Author Archives: Dan Licata

Eilenberg-MacLane Spaces in HoTT

For those of you who have been waiting with bated breath to find out what happened to your favorite characters after the end of Chapter 8 of the HoTT book, there is now a new installment: Eilenberg-MacLane Spaces in Homotopy Type Theory Dan … Continue reading

Posted in Applications, Code, Higher Inductive Types, Paper, Univalence | 2 Comments

Another proof that univalence implies function extensionality

The fact, due to Voevodsky, that univalence implies function extensionality, has always been a bit mysterious to me—the proofs that I have seen have all seemed a bit non-obvious, and I have trouble re-inventing or explaining them.  Moreover, there are … Continue reading

Posted in Univalence | 4 Comments

New writeup of πn(Sn)

I’m giving a talk this week at CPP.  While I’m going to talk more broadly about applications of higher inductive types, for the proceedings, Guillaume Brunerie and I put together an “informalization” of πn(Sn), which you can find here. This is … Continue reading

Posted in Higher Inductive Types, Homotopy Theory | 1 Comment

Homotopy Theory in Type Theory: Progress Report

A little while ago, we gave an overview of the kinds of results in homotopy theory that we might try to prove in homotopy type theory (such as calculating homotopy groups of spheres), and the basic tools used in our synthetic approach … Continue reading

Posted in Higher Inductive Types, Homotopy Theory | 13 Comments

Homotopy Theory in Homotopy Type Theory: Introduction

Many of us working on homotopy type theory believe that it will be a better framework for doing math, and in particular computer-checked math, than set theory or classical higher-order logic or non-univalent type theory. One reason we believe this … Continue reading

Posted in Applications, Higher Inductive Types, Homotopy Theory, Uncategorized, Univalence | 2 Comments

Abstract Types with Isomorphic Types

Here’s a cute little example of programming in HoTT that I worked out for a recent talk. Abstract Types One of the main ideas used to structure large programs is abstract types. You give a specification for a component, and … Continue reading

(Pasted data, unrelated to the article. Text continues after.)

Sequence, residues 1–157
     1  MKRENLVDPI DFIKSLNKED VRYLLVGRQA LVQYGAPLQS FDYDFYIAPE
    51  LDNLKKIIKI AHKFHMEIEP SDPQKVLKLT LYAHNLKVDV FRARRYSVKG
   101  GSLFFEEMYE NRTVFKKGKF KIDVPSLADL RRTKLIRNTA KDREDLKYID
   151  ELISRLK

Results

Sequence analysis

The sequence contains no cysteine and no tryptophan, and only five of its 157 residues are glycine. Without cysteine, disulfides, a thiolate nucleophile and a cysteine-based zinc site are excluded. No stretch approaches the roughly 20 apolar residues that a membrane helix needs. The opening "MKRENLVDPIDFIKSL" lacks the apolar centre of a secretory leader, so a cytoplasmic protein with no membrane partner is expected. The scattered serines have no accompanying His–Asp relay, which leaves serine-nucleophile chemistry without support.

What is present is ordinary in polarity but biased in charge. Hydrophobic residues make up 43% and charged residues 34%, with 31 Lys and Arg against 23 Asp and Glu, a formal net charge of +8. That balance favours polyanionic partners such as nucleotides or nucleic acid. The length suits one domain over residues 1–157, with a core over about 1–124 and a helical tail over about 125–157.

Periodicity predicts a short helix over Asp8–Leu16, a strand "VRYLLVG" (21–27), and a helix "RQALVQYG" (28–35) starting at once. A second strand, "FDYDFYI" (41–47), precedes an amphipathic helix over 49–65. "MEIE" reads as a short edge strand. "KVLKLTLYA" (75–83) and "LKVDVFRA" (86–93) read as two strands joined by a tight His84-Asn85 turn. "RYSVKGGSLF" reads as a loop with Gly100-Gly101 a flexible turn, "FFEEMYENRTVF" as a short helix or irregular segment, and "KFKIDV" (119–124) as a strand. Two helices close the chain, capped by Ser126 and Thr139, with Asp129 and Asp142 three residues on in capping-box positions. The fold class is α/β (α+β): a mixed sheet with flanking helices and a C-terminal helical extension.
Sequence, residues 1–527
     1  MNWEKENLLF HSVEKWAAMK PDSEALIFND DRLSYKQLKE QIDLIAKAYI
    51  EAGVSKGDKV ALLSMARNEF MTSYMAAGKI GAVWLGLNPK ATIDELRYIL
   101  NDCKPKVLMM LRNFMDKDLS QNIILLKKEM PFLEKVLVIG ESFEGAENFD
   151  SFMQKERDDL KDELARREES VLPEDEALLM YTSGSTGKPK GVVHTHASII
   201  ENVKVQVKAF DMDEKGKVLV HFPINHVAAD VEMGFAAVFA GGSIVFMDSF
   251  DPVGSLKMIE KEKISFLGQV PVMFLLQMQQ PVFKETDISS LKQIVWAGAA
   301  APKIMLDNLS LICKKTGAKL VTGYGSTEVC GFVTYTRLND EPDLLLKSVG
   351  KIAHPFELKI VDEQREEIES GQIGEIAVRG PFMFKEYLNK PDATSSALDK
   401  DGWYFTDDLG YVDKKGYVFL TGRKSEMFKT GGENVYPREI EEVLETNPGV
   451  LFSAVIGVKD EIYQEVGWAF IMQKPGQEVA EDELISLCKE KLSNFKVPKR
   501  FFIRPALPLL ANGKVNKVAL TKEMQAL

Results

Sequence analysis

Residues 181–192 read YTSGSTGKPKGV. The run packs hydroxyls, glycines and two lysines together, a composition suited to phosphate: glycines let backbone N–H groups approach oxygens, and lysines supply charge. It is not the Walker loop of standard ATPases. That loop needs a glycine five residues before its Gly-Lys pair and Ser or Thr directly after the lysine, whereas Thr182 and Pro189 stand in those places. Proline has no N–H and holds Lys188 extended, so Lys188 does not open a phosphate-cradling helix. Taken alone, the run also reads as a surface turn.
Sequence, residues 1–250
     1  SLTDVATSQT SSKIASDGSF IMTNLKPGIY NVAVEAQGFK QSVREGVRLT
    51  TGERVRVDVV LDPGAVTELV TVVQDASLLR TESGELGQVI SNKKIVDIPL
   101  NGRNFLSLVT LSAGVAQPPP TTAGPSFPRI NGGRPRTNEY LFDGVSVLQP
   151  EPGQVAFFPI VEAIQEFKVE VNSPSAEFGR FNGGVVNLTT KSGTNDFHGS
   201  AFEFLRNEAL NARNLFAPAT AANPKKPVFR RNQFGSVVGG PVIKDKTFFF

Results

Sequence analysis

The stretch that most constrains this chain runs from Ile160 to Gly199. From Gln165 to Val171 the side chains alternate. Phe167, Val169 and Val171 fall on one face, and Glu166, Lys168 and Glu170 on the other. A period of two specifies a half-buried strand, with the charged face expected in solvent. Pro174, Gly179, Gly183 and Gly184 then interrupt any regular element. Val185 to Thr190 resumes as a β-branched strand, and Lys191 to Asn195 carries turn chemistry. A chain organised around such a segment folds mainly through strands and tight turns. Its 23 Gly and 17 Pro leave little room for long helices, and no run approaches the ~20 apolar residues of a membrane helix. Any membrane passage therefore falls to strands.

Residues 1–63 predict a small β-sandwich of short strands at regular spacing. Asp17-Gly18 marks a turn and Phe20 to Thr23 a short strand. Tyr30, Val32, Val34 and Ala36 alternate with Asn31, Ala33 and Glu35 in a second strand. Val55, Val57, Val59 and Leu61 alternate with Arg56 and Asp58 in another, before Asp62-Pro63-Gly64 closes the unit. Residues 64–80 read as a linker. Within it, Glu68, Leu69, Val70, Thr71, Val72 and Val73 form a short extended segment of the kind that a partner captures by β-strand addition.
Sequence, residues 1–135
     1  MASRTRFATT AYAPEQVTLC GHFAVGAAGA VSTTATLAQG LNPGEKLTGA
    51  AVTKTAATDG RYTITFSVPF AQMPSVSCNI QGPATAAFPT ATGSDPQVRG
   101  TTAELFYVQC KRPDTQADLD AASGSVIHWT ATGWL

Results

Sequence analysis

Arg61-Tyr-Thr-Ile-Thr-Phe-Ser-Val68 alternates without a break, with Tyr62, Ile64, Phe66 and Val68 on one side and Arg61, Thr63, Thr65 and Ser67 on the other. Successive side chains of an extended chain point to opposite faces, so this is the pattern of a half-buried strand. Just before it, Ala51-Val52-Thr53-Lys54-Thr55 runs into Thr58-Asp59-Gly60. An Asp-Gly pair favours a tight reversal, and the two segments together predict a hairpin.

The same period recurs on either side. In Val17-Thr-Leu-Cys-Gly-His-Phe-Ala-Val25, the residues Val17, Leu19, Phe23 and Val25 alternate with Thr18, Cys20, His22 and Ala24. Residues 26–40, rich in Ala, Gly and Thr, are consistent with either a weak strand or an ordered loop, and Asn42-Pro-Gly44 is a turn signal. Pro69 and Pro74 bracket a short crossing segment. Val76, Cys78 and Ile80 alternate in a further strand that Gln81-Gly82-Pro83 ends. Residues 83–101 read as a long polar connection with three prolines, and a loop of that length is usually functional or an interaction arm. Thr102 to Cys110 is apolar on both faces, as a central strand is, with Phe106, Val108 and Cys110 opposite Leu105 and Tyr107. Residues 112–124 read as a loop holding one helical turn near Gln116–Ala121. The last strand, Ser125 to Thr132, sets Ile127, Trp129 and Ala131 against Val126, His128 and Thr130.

Posted in Programming, Uncategorized | 8 Comments

A Simpler Proof that π₁(S¹) is Z

Last year, Mike Shulman proved that π₁(S¹) is Z in Homotopy Type Theory. While trying to understand Mike’s proof, I came up with a simplification that shortens the proof a bunch (100 lines of Agda as compared to 380 lines … Continue reading

Posted in Applications, Higher Inductive Types, Models | 5 Comments

Canonicity for 2-Dimensional Type Theory

A consequence of the univalence axiom is that isomorphic types are equivalent (propositionally equal), and therefore interchangable in any context (by the identity eliminaiton rule J). Type isomorphisms arise frequently in dependently typed programming, where types are often refined to … Continue reading

Posted in Foundations, Programming, Univalence | 8 Comments

Running Circles Around (In) Your Proof Assistant; or, Quotients that Compute

Higher-dimensional inductive types are an idea that many people have been kicking around lately; for example, in An Interval Type Implies Function Extensionality. The basic idea is that you define a type by specifying both what it’s elements are (as … Continue reading

Posted in Code, Foundations, Higher Inductive Types | 38 Comments

Just Kidding: Understanding Identity Elimination in Homotopy Type Theory

Several current proof assistants, such as Agda and Epigram, provide uniqueness of identity proofs (UIP): any two proofs of the same propositional equality are themselves propositionally equal. Homotopy type theory generalizes this picture to account for higher-dimensional types, where UIP … Continue reading

Posted in Foundations | 27 Comments

A Formal Proof that the Higher Fundamental Groups are Abelian

Homotopy type theory (HoTT) will have applications for both computer science and math. On the computer science side, applications include using homotopy type theory’s more general notion of equality to make formal verification of software easier. On the mathematical side, … Continue reading

Posted in Applications | 13 Comments